Lebanon calls to UN investigation into political murders as five ministers suspend their cabinet membership
Five Lebanese cabinet ministers announced on Monday that they were suspending their membership in Lebanon's government in the wake of a call for a UN inquiry into Lebanon's recent political assassinations. The five ministers, four of whom are pro-Syrian and Shiite Muslims, are staunch allies of Lebanon's President Emile Lahoud.
The ministers include Foreign Minister Fawzi Salloukh, Hizbullah's Labor Minister Trad Hamadeh, two ministers from the Shi'ite Amal group, as well as Christian Environment Minister Yacoub Sarraf.
Mohammed Fneish, Hizbullah Energy Minister, also objected to what he referred to as the abandoning of Lebanon's sovereignty. "We object to the principle of internationalizing all Lebanese files ... and abandoning (Lebanon's) sovereignty," according to Reuters.
Fneish stressed, however, that the move on the part of the ministers was not a desertion of Lebanon's government, saying, "This is not a resignation from the government but a suspension of membership in the cabinet while awaiting a decision from our political leadership."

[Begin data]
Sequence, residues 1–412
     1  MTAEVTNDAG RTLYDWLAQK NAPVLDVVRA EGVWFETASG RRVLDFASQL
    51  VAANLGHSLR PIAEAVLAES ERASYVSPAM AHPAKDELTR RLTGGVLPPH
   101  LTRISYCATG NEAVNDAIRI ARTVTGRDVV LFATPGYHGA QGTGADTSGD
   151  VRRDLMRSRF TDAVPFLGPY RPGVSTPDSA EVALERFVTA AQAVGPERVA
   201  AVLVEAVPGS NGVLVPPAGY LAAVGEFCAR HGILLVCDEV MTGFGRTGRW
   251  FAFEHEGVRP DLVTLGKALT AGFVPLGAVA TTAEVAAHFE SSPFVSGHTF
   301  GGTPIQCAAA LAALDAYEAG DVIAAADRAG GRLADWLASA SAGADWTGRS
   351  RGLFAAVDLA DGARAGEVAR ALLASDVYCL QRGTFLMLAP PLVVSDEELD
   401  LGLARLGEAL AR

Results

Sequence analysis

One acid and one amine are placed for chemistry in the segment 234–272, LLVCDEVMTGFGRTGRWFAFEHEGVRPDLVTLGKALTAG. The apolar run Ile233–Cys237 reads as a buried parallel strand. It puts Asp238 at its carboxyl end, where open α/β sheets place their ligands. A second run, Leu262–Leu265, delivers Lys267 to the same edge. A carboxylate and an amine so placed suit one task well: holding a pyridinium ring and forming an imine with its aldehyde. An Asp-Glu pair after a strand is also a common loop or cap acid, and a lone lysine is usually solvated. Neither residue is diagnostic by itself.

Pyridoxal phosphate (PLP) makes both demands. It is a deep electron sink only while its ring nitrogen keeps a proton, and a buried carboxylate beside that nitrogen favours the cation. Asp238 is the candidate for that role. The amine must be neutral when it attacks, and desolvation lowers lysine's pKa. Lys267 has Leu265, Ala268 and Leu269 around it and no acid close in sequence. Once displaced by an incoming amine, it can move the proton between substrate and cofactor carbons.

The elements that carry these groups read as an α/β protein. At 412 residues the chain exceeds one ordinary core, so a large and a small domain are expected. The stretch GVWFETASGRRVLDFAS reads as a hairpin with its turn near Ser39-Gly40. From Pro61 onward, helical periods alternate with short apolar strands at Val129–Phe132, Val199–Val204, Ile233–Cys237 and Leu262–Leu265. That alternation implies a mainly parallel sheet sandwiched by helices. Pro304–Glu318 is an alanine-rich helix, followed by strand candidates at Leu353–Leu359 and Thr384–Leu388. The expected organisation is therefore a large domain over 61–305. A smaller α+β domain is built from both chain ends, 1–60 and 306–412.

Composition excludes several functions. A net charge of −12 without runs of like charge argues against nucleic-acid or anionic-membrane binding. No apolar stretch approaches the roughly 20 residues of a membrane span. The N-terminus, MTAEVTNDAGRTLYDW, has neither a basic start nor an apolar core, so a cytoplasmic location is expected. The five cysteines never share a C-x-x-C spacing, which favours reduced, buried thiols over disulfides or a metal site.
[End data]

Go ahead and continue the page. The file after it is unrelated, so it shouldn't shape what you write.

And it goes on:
Lebanon's Prime Minister Fouad Siniora called for an emergency meeting following Monday's assassination of anti-Syrian lawmaker and journalist Gebran Tueni.
The government then called on the UN to investigate the Tueni murder as well as a string of similar attacks in recent months on other anti-Syrian political figures in Lebanon. A request was also made to form an international tribunal to investigate the death of former Lebanese premier Rafiq Hariri.
New evidence surfaced on Monday implicating Syria of obstructing the UN investigation into the murder of Hariri. The report said that Syrian documents had been burned relating to Lebanon and one witness who was pressured to retract his testimony. It added that information was discovered which directly implicated perpetrators and organizers of a plot to kill Hariri.
A separate report released in October implicated top Syrian security officials and their Lebanese allies. Detlev Mehlis who headed the probe will brief the UN security council on Tuesday. He has said he then wants to step down and return to his job as a leading prosecutor in Berlin.
Meanwhile, the United States condemned Monday's attack on Tueni, saying that it was "vicious act of terror."
US President George W. Bush and US Secretary of State Condoleezza Rice referred to Syrian "interference" in Lebanon in their statements on the attack.
"Syrian interference in Lebanon continues, and it must end completely," said Rice, who also referred to Tueni a "patriot" and a voice of Lebanese freedom.
© 2005 Al Bawaba (www.albawaba.com)